With that, I will turn the call over to Gregg. Gregg?

Gregg Engles

Thanks, Dave, and good morning, everyone. Thank you for joining us on the call. 2012 was an exciting year for us at WhiteWave. We delivered strong financial results, enjoyed robust category growth driven by our leading brands, continued ramping up production at our new Dallas facility and completed our initial public offering in late October.

We have an exciting journey ahead of us and plan to build on our continued success in 2013 and beyond. We achieved strong top and bottom line growth in 2012 capped by solid Q4 results.

We enjoyed a good balance of growth in our core brands, complemented by innovation in new product development. We delivered volume growth in all of our product categories in Q4, driven by leading brands which are aligned with consumers growing preferences for products that are nutritious, flavorful, convenient and responsibly produced.

We entered 2013 with good momentum and clear strategic priorities focused on continued growth. In a moment, I will take you through our segment results and the trends that drove our performance in Q4 and the full year. But first, I would like to update you on the status of our pending separation from Dean Foods.

Dean Foods announced this morning that it has received a private letter ruling from the IRS providing subject to certain conditions that the planned spin-off of The WhiteWave Foods Company will be tax-free for U.S. federal income tax purposes.

As a result, Dean has advised us that after its lockup period expires on April 23rd, it intends to distribute at least $115.6 million of The WhiteWave shares that currently holds to its shareholders. Dean expects this spin-off to occur in late may.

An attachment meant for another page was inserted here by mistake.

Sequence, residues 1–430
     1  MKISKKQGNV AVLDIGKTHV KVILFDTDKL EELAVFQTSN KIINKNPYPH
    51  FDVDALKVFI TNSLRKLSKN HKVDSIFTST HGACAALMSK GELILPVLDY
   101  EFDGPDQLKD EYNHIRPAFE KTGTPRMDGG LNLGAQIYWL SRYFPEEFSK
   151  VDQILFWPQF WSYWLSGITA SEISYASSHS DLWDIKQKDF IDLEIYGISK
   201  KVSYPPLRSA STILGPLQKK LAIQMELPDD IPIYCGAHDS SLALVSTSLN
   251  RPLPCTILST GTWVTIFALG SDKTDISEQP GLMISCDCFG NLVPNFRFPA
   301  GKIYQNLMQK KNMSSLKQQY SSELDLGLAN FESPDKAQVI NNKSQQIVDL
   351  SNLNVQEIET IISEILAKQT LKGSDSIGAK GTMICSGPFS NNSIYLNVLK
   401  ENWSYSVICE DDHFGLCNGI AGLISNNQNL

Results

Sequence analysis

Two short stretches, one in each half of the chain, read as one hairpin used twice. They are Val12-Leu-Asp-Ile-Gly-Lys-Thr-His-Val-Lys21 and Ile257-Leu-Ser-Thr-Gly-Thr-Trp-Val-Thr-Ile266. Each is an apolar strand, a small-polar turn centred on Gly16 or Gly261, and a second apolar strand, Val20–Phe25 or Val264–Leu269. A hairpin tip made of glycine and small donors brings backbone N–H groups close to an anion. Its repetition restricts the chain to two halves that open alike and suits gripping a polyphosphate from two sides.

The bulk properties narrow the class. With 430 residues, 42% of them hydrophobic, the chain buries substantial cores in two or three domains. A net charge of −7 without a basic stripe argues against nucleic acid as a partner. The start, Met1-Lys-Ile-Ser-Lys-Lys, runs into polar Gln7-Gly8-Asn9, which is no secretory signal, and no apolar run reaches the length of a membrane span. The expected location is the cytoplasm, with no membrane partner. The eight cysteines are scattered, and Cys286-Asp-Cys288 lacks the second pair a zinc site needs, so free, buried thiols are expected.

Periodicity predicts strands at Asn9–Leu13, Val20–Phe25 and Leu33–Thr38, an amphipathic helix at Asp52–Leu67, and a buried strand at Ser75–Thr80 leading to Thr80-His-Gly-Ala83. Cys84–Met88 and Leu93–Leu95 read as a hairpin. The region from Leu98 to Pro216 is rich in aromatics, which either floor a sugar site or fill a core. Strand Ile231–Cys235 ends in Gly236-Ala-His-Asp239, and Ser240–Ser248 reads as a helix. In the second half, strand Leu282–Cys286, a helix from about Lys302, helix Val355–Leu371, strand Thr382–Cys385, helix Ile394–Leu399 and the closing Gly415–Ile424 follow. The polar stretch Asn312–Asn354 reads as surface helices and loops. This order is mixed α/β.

Dean has stated that it will retain up to 34.4 million WhiteWave shares, which should intends to monetize or distribute in a tax-free manner in the future. We continue to develop the functions and capabilities necessary for us to operate as a standalone company and look forward to the planned separation from Dean Foods in May.

Now, let’s move on to our Q4 and full year results. Today, we reported Q4 adjusted diluted earnings per share of $0.18, resulting in full year earnings of $0.60 per share, representing 34% growth in fourth quarter and 31% growth for the full year of 2010. These results reflect the strong momentum that we continue to build upon throughout the year and I’m pleased with our performance.

Our mix of leading brands and effective marketing and customer collaboration enabled us to deliver strong top and bottom line growth in Q4 and for all of 2012. In total, Q4 net sales grew 12% over the prior year to $609 million and full year net sales increased 13% to more than $2.3 billion.

The fourth quarter marked the 12th consecutive quarter of sales growth in our business. This growth has primarily been volume driven and continues to be led by our plant-based foods and beverages, and coffee creamers and beverages platforms. Overall, the quarter was a solid finish to a strong year.

Our performance is a result of operating some of the fastest growing segments of large multi-billion dollar categories. With the momentum of consumer trends that are fueling these segments, we see the opportunity for continued growth. As a point of reference, while overall U.S. grocery sales grew at an average just over 1% from 2009 to 2012, our categories grew at rates of 7% to 12%.

Let’s turn now and look at our platform results for the fourth quarter and the full year. As it has throughout the year, the North America plant-based foods and beverages platform posted strong sales growth in Q4, as Silk continued its positive trajectory driven by marketing investment and great tasting products.

The long-term trend for healthy and sustainable products has driven U.S. household penetration of plant-based beverages up by almost 300 basis points in 2012 to the highest levels since the category was introduced. However, household penetration has only reached the mid-20s and we believe it will continue to march higher.

Plant-based beverages still represent less than 7% of retail food and milk category sales in the United States. The most recent data shows overall plant-based category growth remained strong and more than 20% for 2012.

Silk continues to hold the number one brand position and is driving category growth. In particular, growth of Silk PureAlmond remained strong in Q4. Our PureCoconut and Fruit Protein products also performed well and we continue to invest behind Silk soy with taste improvements and new product introductions.